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General Discussions => Tech Talk => Topic started by: Bill K on June 23, 2018, 03:42:35 PM

Hi, guys. It's been awhile since I've been here (although I read the political topics her a lot). Anyway, I play games and obvious random number generators play a massive role. What I am wondering, after talking to a friend studying computer science, if it is possible to create something truly random? I am having a hard time rapping my head around the concept.
Sincerely, Bill. ʕ•́ᴥ•̀ʔっ

Yes.
The way this is proven is the RNG creates sets of millions of numbers millions of times. Then the results are analyzed to determine if any number has a higher (or lower) probability of being generated than any other number.
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True randomness requires use of naturally random phenomenon (e.g. atomic quantum fluctuations) as input. It's not possible algorithmically to create true randomness without including such natural phenomenon as part of the generation process. It's possible for an algorithm to create sequence of numbers that demonstrate statistical appearance of randomness, however if you know the starting state the sequence can be repeated exactly.

True randomness requires use of naturally random phenomenon (e.g. atomic quantum fluctuations) as input. It's not possible algorithmically to create true randomness without including such natural phenomenon as part of the generation process. It's possible for an algorithm to create sequence of numbers that demonstrate statistical appearance of randomness, however if you know the starting state the sequence can be repeated exactly.
Thank you. That is what I thought, but my friend who specializes in computer science (somewhat as you're talking about) believes true randomness can be created in the way you say it cannot.

Most computer scientists will call such algorithms ‘pseudorandom number generators’ instead, recognizing that algorithms run on deterministic machines cannot produce truly random numbers. There are lots of techniques for creating pseudorandom numbers and some of them can give good approximations of randomness; but every one of them will, given enough time, begin to repeat the exact same sequence of random numbers. For SHA1, for instance, that repetition starts after 2^160 random numbers are generated. This is why, as others said above, when security is on the line we use true random number generators which draw on system information (temperature sensors, etc) as sources of entropy.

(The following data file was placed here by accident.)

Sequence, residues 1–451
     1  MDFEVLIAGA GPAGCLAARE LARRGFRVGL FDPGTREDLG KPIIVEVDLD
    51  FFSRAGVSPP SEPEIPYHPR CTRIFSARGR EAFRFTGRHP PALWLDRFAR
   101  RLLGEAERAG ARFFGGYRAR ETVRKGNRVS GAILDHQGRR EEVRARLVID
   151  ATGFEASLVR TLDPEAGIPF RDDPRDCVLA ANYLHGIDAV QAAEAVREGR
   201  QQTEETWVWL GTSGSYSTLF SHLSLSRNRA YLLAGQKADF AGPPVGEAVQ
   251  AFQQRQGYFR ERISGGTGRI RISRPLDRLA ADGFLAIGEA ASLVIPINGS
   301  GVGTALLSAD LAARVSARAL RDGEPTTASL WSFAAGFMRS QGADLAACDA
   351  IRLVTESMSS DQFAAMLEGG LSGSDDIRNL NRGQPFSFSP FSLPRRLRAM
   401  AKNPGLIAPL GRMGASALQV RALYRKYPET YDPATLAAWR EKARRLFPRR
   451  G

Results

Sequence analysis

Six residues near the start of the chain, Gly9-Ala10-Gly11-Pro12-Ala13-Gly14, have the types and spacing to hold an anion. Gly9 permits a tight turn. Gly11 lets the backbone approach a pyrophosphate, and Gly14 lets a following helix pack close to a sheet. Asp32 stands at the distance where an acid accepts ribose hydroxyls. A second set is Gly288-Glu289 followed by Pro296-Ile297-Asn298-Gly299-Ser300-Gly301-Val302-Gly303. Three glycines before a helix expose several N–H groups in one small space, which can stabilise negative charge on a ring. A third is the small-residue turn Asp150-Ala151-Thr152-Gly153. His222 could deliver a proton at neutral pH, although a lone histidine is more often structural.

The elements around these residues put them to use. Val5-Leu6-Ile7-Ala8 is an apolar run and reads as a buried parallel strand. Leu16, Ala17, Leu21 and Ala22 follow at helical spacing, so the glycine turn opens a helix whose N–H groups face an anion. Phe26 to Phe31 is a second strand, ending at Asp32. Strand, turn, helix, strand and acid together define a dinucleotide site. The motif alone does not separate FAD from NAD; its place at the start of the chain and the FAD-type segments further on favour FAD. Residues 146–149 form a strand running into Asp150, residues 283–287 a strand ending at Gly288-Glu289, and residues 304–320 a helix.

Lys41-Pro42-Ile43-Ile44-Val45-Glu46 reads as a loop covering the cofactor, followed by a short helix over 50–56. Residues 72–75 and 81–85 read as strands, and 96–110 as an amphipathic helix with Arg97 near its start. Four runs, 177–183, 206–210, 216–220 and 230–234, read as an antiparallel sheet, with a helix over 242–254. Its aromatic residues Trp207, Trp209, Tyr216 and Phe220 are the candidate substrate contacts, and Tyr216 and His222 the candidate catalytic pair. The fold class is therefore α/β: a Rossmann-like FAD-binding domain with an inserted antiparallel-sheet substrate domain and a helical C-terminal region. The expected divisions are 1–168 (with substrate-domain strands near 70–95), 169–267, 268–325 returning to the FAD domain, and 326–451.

True randomness requires use of naturally random phenomenon (e.g. atomic quantum fluctuations) as input. It's not possible algorithmically to create true randomness without including such natural phenomenon as part of the generation process. It's possible for an algorithm to create sequence of numbers that demonstrate statistical appearance of randomness, however if you know the starting state the sequence can be repeated exactly.
Thank you. That is what I thought, but my friend who specializes in computer science (somewhat as you're talking about) believes true randomness can be created in the way you say it cannot.
I think your friend needs to think more deeply about what "true randomness" is. Computer random number generators, more properly termed "pseudorandom number generators (PRNGs)," are deterministic: given a starting number, or seed, they generate a series of numbers using an algorithm. Although the sequence of numbers is not "truly random," the algorithms are designed such that the generated sequence cannot be distinguished from a truly random sequence based on a standard set of statistical tests. Nevertheless, given sufficient time and computing power, it is theoretically possible to analyze the generated sequence and make statistical predictions of future numbers—if the sequence were truly random, this would be impossible even in theory. But the best PRNG algorithms are so complex that sufficient time and computing power doesn't exist to successfully perform such an analysis. Hence, for practical purposes, the sequence is as good a truly random sequence.

The online tabletop gaming platform Roll20.net uses what it refers to as a "true random" source of entropy based on the fluctuations in the power of a beam of light to drive its dice rolling engine, which it calls "QuantumRoll (https://wiki.roll20.net/QuantumRoll)".

To a true determinist, aren't even atomic fluctuations deterministic? More a philosophical question than a practical one.
When I taught intro programming long ago, my final project would often be to have a student programming contest of pseudorandom number generators, tested against some standard criteria fro randomness. The math students tended to outshine the business students here, though.

Most computer scientists will call such algorithms ‘pseudorandom number generators’ instead, recognizing that algorithms run on deterministic machines cannot produce truly random numbers. There are lots of techniques for creating pseudorandom numbers and some of them can give good approximations of randomness; but every one of them will, given enough time, begin to repeat the exact same sequence of random numbers. For SHA1, for instance, that repetition starts after 2^160 random numbers are generated. This is why, as others said above, when security is on the line we use true random number generators which draw on system information (temperature sensors, etc) as sources of entropy.